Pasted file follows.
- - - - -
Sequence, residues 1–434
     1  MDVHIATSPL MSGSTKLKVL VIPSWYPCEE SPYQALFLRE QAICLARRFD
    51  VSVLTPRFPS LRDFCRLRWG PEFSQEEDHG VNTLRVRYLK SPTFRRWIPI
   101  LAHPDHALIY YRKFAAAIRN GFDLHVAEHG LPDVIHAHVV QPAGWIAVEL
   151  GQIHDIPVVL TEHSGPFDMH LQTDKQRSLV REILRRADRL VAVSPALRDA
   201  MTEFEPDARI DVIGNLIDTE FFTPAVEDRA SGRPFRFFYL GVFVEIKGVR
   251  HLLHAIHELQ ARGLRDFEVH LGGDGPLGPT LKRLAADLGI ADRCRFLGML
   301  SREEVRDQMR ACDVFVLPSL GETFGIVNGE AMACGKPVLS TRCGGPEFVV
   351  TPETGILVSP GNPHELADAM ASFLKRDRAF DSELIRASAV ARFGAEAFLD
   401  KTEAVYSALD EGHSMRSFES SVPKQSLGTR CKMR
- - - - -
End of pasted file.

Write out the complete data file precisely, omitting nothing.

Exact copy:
Sequence, residues 1–434
     1  MDVHIATSPL MSGSTKLKVL VIPSWYPCEE SPYQALFLRE QAICLARRFD
    51  VSVLTPRFPS LRDFCRLRWG PEFSQEEDHG VNTLRVRYLK SPTFRRWIPI
   101  LAHPDHALIY YRKFAAAIRN GFDLHVAEHG LPDVIHAHVV QPAGWIAVEL
   151  GQIHDIPVVL TEHSGPFDMH LQTDKQRSLV REILRRADRL VAVSPALRDA
   201  MTEFEPDARI DVIGNLIDTE FFTPAVEDRA SGRPFRFFYL GVFVEIKGVR
   251  HLLHAIHELQ ARGLRDFEVH LGGDGPLGPT LKRLAADLGI ADRCRFLGML
   301  SREEVRDQMR ACDVFVLPSL GETFGIVNGE AMACGKPVLS TRCGGPEFVV
   351  TPETGILVSP GNPHELADAM ASFLKRDRAF DSELIRASAV ARFGAEAFLD
   401  KTEAVYSALD EGHSMRSFES SVPKQSLGTR CKMR